Amilla sends out apprentices to neighbouring islands to practice and learn under traditional healers and medicine-makers, hoping they can return and offer products and experiences inspired by the millennia-old traditional Maldivian medicine. After all, the diverse flora and fauna across the island is a treasure trove of medicine for those skilled in identifying plants and their medicinal usages.   

“Influenced from Ayurvedic medicine as well medicine and healing from North Africa, Traditional Maldivian medicine is an incredibly ancient form of healing that recognises the mind-body unity. As we step into an era of increasing stress, fatigue and diseases of mind and body, it is crucial that we become skilled in the art of utilising the flora and fauna of the Maldives alongside modern medicine,” stated Laura Pagano, spa manager and apprentice to a renowned traditional Maldivian medicine practitioner. 

"Thamburu & Mirihi’’ and “Masgulha Filuva Beys”, two of the most sought-after Maldivian medicine inspired treatments utilises local herbs and spices such as fonithoshi, mirus, aseymirus, karanfoo, and other healing plants to detoxify as well as treat discomforts such as muscle stiffness, neck and back pain, swelling, heaviness and so on.  

Adding onto the list of activities, Amilla offered guests the opportunity to build a ‘bodumas’, the mythical sea spirit that is a staple of the Eid festivities. The ‘Bodumas making’ session brought people together once again celebrating the strength of community and creativity that is so integral to the Eid festivities. 

The community at Amilla rose the Bodumas to life and embarked on a parade across the winding, lush pathways of the island. Joined by staff, guests, local artisans, boduberu drummers and dancers, the parade concluded in a crescendo of hypnotising music and frenzied dancing. 

The renowned and talented performer Nish Nashid and the local keyboard virtuoso Hussain Hisan serenaded the guests with local classics during the Gala dinner. The expert chefs at Amilla prepared a feast combining the taste of the tropics with flavours and aroma of neighbouring countries. Words cannot capture the essence, aroma and deep richness of the cuisines at Amilla Maldives. From mouth-watering delicious sashimi at the signature restaurant ‘Feeling Koi’ to the culinary centre of ‘The Bazaar’, Amilla Maldives can rightfully claim the status of a gastronomical paradise in paradise.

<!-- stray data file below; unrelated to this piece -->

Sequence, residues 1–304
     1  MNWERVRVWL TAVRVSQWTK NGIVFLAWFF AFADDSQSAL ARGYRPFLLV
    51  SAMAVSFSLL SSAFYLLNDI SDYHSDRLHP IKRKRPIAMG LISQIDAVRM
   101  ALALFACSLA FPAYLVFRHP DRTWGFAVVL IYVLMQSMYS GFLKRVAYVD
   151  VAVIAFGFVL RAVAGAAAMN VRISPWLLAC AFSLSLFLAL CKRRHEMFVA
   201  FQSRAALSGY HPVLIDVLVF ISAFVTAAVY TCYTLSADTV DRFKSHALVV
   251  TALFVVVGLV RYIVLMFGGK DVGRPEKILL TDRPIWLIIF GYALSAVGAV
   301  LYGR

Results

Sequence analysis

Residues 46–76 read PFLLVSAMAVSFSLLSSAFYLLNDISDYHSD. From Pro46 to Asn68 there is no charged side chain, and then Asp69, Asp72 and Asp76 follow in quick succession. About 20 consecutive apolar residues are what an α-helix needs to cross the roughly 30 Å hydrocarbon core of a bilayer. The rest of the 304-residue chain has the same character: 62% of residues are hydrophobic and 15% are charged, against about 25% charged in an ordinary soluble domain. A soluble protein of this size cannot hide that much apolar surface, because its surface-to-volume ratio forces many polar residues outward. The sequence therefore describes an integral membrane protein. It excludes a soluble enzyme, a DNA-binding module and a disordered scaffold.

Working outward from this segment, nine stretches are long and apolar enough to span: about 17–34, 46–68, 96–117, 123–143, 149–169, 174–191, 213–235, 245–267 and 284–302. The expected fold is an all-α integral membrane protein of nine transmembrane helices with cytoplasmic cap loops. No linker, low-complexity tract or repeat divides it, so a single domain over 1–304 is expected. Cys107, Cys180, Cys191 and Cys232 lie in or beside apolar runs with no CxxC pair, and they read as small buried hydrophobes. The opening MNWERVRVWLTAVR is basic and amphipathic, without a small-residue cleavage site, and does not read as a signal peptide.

Let you in on a little secret? Rumour claims that the Chill’d Cafe at Amilla serves free ice cream.  

With workshops ranging from Dhivehi lessons, short eats and mas riha cooking class, boduberu lessons, as well as games such as bashi and thin mugoali, the guests at Amilla Maldives will fly back home with a slice of paradise in their hearts.  

The week at Amilla Maldives brought together the staff, guests, local artisans, and musicians to celebrate community and togetherness. Undoubtedly, the locals experienced a sense of longing and nostalgia while the guests found themselves in the middle of perhaps one of the most exciting festivities in Maldives. And the guests took part in the workshops, games, and performances with a sense of deep curiosity and wonder. 

It is no surprise that the resort noted an overwhelmingly positive reception during the week. The Cultural Week at Amilla Maldives is a testament to the dedication, admiration and adoration of Maldivian culture expressed by the community at Amilla and beyond. 


Please login to Comment